Tuesday, March 6, 2012

Angel Food Cake

It turns out that angel food cake just doesn't come out of a cake mix box! Who knew?!

Surprisingly enough, angel food cake is one of my absolute favorite cakes, despite it's massive lack of chocolate. A simple cake, it takes precise care to develop the correct volume, texture and color. To me, it is considered complete with the addition of fruit, usually strawberries, and whipped cream. I wish I had taken a picture of the angel food cake my mom had made for my birthday- it was pretty, AND delicious!

Angel Food Cake
makes 1 tube cake, 8 inches

  • 10 oz sugar
  • 3.5 grams cream of tartar
  • 3.875 oz cake flour or all purpose flour
  • 0.375 tsp salt
  • 10 oz egg whites
  • 1/4 tbsp vanilla extra
Angel Food Batter in 8inch tube pan
  1. Sprinkle the insides of the tube pans lightly with water.
  2. Combine half of the sugar with the cream of tartar. Sift together the remaining half sugar with the flour and salt.
  3. Whip the egg whites and vanilla to soft peaks on medium with the whip attachment.
    • This will seem very foamy at first. Wish I had taken a picture! It will grow in volume.
  4. Gradually add the sugar and cream of tartar mixture to the egg whites, whipping on high speed to maximum volume.
  5. Gently fold the sifted sugar and flour mixture into the egg whites until just incorporated.
    • Work quickly. The more time this step takes, the less volume your baked cake will have- time allows the batter to deflate.
  6. Pour batter into prepared tube pan.  
    • The picture to the left shows the tube pans we used in class. The side of the pan is a separate piece from the bottom, which consists of the bottom and tube portion in the middle.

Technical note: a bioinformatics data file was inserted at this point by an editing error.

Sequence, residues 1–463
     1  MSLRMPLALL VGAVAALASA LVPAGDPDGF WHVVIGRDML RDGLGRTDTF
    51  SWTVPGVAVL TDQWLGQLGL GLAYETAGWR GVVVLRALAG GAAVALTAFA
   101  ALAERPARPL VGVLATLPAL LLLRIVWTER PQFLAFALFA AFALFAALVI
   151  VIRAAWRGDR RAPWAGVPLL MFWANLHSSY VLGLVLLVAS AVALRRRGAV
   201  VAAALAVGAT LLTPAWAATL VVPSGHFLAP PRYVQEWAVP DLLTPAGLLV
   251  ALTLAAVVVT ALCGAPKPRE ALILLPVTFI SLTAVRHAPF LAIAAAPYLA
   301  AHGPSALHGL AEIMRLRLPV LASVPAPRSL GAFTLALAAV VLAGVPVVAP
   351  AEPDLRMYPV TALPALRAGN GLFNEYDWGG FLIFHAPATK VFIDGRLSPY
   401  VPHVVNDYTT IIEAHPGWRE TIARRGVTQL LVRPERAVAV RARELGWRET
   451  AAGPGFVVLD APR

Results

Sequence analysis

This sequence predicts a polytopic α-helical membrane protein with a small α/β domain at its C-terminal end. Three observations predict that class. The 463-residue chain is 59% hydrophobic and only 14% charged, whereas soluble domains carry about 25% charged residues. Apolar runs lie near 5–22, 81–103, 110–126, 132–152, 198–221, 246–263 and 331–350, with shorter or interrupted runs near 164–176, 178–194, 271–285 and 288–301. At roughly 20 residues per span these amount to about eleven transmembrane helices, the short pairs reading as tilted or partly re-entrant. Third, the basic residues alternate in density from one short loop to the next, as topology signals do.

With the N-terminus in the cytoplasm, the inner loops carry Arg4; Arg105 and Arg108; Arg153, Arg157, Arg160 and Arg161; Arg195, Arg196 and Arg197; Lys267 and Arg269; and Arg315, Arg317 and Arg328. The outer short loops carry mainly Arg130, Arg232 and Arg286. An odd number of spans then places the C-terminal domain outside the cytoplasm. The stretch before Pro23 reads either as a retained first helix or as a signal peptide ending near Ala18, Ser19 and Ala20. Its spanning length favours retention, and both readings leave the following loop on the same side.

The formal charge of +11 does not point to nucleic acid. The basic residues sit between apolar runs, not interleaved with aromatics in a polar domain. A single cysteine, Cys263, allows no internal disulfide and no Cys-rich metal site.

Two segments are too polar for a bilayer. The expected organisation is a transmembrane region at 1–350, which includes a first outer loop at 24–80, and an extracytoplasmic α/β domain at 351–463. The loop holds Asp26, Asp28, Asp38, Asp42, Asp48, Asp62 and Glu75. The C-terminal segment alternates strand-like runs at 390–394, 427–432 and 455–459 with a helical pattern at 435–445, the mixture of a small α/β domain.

7. Bake at 350 degrees F until cake springs back when lightly touched, about 35 minutes.
  8. Invert tube pan onto a funnel or long-necked bottle on a rack to cool. Alternatively, for each cake, invert a small ramekin on top of a rack and prop the cake pan upside down and at an angle on the ramekin. Let the cakes cool completely upside down.
    • Cooling upside down helps the cake come out of the tube pan more easily after cooling. 
Angel food cake cooling. If you look carefully, you can see how the sides of the pan is separate from the bottom.
      9.  Carefully run a palette knife around the sides of each pan and around the center tube to   
           release the cake. Shake the pan gently to invert the cake onto the rack.
    • Here, I used an offset spatula, to careful loosen the sides and middle of pan. Once I did that, I popped the bottom from the sides, and the cake came right out.

 Looks like you just made yourself another delicious baked good! The best part about this cake is that it won't set you back in the calorie department. Which saves room for lots of whipped cream and strawberry toppings! Yum!



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